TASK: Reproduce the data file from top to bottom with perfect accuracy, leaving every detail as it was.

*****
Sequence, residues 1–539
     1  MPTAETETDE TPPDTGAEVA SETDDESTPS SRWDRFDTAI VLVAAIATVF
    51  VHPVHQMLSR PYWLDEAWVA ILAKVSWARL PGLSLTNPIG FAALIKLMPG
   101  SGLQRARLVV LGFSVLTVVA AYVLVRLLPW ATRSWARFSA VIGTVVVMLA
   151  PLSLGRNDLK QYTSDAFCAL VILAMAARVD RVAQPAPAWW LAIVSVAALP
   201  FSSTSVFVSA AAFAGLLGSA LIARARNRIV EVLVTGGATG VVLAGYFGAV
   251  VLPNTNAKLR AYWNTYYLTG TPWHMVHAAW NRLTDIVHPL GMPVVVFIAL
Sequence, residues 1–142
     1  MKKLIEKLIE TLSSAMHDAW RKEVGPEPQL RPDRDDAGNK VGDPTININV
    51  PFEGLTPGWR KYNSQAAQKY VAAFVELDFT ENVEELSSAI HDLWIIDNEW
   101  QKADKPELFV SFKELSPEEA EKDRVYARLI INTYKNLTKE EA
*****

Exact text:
Sequence, residues 1–539
     1  MPTAETETDE TPPDTGAEVA SETDDESTPS SRWDRFDTAI VLVAAIATVF
    51  VHPVHQMLSR PYWLDEAWVA ILAKVSWARL PGLSLTNPIG FAALIKLMPG
   101  SGLQRARLVV LGFSVLTVVA AYVLVRLLPW ATRSWARFSA VIGTVVVMLA
   151  PLSLGRNDLK QYTSDAFCAL VILAMAARVD RVAQPAPAWW LAIVSVAALP
   201  FSSTSVFVSA AAFAGLLGSA LIARARNRIV EVLVTGGATG VVLAGYFGAV
   251  VLPNTNAKLR AYWNTYYLTG TPWHMVHAAW NRLTDIVHPL GMPVVVFIAL
Sequence, residues 1–142
     1  MKKLIEKLIE TLSSAMHDAW RKEVGPEPQL RPDRDDAGNK VGDPTININV
    51  PFEGLTPGWR KYNSQAAQKY VAAFVELDFT ENVEELSSAI HDLWIIDNEW
   101  QKADKPELFV SFKELSPEEA EKDRVYARLI INTYKNLTKE EA